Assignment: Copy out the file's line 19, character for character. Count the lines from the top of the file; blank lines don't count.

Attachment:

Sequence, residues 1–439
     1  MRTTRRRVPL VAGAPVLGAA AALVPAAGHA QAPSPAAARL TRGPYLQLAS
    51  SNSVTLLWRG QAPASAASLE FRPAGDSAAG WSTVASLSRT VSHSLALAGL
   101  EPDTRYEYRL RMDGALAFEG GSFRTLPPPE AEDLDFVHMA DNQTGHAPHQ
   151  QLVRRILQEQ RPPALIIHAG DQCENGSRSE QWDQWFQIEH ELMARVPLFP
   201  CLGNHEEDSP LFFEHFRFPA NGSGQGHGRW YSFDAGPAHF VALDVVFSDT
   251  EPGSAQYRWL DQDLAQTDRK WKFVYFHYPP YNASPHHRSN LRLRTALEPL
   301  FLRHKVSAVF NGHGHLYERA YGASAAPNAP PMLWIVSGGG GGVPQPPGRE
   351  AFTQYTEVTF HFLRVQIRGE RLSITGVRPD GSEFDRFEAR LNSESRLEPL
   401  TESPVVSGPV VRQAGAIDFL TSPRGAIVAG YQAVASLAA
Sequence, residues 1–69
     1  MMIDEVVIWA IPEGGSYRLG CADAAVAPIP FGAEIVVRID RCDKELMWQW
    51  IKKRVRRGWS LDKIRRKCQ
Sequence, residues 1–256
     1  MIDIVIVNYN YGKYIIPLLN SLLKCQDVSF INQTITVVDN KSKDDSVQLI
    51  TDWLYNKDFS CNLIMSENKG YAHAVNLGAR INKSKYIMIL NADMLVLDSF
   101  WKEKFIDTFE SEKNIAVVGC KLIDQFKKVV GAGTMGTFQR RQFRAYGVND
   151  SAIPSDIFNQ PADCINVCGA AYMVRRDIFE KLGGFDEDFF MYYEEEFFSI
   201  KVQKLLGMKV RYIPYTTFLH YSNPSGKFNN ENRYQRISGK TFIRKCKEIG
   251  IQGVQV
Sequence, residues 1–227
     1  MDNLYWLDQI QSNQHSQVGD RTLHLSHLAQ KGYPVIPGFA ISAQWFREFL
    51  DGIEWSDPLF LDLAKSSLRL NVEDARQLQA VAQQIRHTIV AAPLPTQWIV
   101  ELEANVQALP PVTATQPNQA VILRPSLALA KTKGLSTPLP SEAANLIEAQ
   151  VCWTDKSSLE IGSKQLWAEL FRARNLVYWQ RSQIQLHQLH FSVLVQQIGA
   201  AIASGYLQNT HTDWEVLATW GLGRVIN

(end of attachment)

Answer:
   201  KVQKLLGMKV RYIPYTTFLH YSNPSGKFNN ENRYQRISGK TFIRKCKEIG